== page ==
While Bhutan is one of the smallest countries in the world, its cultural diversity and richness are profound.
As such, strong emphasis is laid on the promotion and preservation of its unique culture. By protecting and nurturing Bhutan’s living culture it is believed that it will help guard the sovereignty of the nation.
Traditional Bhutanese eating habits are simple and, in general, food is eaten with hands. Family members eat while sitting cross legged on the wooden floor with food first being served to the head of the household first.
It is usually women who serve the food and in most cases, the mother. Before eating, a short prayer is offered and a small morsel placed on the floor as an offering to the local spirits and deities. With modernization, eating habits have changed and in urban areas, people usually eat with cutlery whilst seated at a regular dining table.
Traditionally dishes were cooked in earthenware, but with the easy availability of modern goods, pots and pans have largely replaced their use. A typical Bhutanese meal consists of rice, a dish of Ema Datshi, the country’s favourite dish of chili and cheese, pork, beef curry or lentils.
Death signifies re-birth or a mere passing on to a new life. In keeping with the traditions, elaborate rituals are performed to ensure a safe passage and a good rebirth.
The 7th, 14th, 21st and 49th days after a person’s death are considered especially important and are recognized by erecting prayer flags in the name of the deceased and performing specific religious rituals. While the deceased are normally cremated, funerary practices vary among the southern Bhutanese and the nomadic Brokpas of northern Bhutan. Southern
Bhutanese typically bury their dead while the Brokpas carry out ‘Sky Burials’, a process in which the deceased are prepared and left atop mountains to be devoured by vultures in a final act of compassion and generosity. Elaborate and ancient rituals are also conducted on the anniversary of the death with the erection of prayer flags. The relatives and people of the locality come with alcohol, rice or other sundry items to attend such rituals.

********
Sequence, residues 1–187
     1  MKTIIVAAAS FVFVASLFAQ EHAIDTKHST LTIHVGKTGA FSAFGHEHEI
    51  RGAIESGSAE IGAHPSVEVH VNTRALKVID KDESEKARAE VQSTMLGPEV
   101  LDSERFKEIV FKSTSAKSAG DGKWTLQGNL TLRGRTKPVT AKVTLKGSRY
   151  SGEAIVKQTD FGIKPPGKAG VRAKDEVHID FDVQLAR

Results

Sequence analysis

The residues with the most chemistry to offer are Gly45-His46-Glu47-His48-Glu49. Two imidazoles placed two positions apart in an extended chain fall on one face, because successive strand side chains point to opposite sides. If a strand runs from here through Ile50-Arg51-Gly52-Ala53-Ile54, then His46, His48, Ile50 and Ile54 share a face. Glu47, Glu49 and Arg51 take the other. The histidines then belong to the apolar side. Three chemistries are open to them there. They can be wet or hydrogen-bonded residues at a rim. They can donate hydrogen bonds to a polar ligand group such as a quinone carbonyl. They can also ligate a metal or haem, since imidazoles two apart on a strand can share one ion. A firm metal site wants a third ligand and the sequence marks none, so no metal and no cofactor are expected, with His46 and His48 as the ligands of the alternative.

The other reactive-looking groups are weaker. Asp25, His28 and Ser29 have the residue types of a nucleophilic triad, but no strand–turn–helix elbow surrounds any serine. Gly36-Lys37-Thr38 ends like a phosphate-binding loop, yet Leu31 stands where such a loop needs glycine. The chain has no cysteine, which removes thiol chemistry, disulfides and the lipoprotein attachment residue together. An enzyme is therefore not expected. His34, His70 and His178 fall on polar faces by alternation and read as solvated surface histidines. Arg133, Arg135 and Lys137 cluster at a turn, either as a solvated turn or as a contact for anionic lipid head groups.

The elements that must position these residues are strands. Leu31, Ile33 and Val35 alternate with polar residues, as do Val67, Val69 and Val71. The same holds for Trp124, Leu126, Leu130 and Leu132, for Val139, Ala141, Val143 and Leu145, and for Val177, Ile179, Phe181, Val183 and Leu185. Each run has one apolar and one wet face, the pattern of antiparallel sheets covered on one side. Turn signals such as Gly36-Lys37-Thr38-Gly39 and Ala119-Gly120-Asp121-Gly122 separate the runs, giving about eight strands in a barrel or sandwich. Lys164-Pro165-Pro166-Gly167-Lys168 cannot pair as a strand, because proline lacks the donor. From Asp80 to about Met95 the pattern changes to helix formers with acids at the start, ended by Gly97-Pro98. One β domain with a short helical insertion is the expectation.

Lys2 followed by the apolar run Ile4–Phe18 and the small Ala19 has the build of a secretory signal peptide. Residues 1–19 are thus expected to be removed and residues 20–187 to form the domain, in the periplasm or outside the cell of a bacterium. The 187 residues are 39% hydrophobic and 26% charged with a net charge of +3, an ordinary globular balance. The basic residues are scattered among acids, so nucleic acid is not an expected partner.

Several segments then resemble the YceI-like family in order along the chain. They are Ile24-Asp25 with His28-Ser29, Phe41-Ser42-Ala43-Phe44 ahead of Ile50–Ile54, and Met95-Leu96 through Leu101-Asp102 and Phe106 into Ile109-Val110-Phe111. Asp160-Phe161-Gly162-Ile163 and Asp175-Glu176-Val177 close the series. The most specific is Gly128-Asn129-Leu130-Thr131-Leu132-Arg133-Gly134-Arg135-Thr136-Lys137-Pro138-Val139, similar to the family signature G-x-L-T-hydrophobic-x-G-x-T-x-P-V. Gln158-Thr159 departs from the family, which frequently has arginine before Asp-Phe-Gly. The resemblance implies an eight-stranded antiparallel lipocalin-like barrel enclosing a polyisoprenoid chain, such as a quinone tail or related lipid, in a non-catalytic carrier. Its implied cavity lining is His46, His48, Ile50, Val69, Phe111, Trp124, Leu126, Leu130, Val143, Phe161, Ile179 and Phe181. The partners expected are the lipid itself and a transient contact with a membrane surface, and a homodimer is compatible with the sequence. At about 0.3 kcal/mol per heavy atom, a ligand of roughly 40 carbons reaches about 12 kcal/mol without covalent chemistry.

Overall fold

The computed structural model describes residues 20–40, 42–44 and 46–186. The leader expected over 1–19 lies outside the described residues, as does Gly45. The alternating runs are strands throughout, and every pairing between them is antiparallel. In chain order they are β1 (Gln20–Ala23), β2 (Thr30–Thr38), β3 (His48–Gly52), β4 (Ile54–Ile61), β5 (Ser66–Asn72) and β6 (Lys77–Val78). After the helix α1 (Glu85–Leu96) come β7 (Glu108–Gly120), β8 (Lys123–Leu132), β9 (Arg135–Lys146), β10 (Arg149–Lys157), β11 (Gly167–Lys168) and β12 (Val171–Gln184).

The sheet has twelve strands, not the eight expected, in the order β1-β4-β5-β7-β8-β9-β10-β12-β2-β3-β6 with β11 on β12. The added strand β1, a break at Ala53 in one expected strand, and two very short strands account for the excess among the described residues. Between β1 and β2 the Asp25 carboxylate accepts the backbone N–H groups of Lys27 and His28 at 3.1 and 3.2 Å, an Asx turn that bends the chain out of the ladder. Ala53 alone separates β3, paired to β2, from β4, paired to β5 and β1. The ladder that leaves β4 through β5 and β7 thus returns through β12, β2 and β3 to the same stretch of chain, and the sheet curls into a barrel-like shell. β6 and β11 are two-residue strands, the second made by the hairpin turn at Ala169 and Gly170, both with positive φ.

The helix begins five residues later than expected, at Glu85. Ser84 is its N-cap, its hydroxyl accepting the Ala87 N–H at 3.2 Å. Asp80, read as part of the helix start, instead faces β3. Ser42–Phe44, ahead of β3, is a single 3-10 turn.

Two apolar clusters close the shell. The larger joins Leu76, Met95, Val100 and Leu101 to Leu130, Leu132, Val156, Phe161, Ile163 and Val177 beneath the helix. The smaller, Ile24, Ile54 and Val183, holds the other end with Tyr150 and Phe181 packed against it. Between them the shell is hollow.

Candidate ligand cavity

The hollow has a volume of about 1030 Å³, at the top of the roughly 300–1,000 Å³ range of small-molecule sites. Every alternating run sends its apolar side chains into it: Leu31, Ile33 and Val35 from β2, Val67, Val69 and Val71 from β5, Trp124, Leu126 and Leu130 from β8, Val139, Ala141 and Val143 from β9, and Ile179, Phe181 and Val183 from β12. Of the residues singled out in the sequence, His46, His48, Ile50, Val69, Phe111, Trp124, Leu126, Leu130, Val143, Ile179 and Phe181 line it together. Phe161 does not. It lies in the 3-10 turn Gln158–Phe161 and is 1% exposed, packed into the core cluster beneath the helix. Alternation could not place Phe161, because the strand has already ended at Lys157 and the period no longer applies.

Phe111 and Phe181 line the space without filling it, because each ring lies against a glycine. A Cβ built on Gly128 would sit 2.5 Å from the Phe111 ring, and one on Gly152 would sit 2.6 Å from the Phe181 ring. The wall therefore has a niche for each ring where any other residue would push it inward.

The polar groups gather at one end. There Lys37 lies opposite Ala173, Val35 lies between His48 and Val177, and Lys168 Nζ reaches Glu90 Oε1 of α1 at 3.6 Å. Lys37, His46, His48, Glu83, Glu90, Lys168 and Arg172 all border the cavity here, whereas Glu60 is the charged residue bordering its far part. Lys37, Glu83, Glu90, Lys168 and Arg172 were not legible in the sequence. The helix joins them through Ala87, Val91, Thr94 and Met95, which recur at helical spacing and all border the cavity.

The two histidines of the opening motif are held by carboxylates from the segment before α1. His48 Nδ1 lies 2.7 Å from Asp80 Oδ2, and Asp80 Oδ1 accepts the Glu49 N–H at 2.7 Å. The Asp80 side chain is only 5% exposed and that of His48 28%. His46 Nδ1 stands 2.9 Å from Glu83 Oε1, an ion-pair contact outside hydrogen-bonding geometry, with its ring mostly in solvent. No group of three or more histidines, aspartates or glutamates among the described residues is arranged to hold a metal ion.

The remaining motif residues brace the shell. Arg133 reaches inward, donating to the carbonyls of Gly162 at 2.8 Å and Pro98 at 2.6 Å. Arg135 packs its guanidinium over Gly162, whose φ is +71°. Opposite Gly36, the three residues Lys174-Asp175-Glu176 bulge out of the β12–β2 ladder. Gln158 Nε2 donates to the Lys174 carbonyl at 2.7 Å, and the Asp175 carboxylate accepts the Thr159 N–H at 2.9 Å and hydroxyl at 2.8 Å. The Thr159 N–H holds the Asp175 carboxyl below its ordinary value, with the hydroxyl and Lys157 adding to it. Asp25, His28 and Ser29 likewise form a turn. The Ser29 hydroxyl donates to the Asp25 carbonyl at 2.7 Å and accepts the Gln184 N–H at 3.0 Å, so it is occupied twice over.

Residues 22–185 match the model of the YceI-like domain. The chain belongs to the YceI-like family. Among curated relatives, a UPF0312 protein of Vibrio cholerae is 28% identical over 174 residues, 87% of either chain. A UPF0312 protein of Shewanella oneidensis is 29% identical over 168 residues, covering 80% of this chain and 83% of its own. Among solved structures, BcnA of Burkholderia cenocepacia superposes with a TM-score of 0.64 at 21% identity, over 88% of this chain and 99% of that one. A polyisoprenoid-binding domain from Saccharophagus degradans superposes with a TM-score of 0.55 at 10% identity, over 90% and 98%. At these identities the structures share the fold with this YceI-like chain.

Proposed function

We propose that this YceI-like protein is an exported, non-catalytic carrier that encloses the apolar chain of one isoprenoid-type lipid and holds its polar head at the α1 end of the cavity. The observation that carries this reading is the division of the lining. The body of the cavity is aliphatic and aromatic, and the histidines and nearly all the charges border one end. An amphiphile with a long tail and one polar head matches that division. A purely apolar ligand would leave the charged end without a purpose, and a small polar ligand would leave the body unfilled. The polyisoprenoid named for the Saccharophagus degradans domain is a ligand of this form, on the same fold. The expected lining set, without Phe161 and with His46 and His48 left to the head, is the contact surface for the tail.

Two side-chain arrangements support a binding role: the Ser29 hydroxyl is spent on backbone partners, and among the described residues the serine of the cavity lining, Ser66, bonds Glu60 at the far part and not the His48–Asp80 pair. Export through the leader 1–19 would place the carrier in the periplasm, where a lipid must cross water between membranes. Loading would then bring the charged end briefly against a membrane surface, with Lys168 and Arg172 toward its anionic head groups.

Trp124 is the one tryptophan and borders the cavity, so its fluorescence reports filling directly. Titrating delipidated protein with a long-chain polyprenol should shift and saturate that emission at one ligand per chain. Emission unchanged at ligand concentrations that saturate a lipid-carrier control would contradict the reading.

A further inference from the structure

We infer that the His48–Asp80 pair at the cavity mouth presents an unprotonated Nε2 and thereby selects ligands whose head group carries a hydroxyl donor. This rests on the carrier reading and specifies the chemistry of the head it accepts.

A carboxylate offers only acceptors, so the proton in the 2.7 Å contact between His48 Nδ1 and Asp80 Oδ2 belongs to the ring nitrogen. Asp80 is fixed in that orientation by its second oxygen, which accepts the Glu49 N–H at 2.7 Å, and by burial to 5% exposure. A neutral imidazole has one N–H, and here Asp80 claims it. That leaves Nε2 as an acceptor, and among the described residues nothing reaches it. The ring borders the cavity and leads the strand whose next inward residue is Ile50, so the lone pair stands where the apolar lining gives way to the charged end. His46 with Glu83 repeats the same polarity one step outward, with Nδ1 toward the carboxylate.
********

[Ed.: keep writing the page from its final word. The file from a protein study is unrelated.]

The birth of a child is always welcomed. In Bhutan extended family and guests are discouraged from visiting during the first three days after the birth.
On the third day, a short purification ritual is performed after which visitors are welcomed to visit the new born and mother. Bhutanese value children as progenitors of the future and therefore do not discriminate on the sex of the child. Traditionally various gifts are offered ranging from dairy products to cloth and money.
The child is not immediately named; this responsibility is usually entrusted to the head lama (Buddhist priest) of the local temple. The mother and child will also receive blessings from the local deity (natal deity) and it was traditional that the name associated with the deity is given. In some cases, the child is given the name of the day on which the child is born. Based on the Bhutanese calendar, a horoscope is written based on the time and date of the birth, this will detail the various rituals to be performed at different times in the life of the child and to an extent predict his or her future.
One of the most distinctive features of the Bhutanese is their traditional dress, unique garments that have evolved over thousands of years. Men wear the Gho, a knee-length robe somewhat resembling a kimono that is tied at the waist by a traditional belt known as Kera. The pouch t which forms at t...
As the Tshechu begins, the villagers and the general populace dress in their finest clothes and congregate at their local temples and monasteries were these festivals take place. Tshechus are usually occasions to mark important events in the life of the second Buddha, the Indian/Pakistani Tantric ...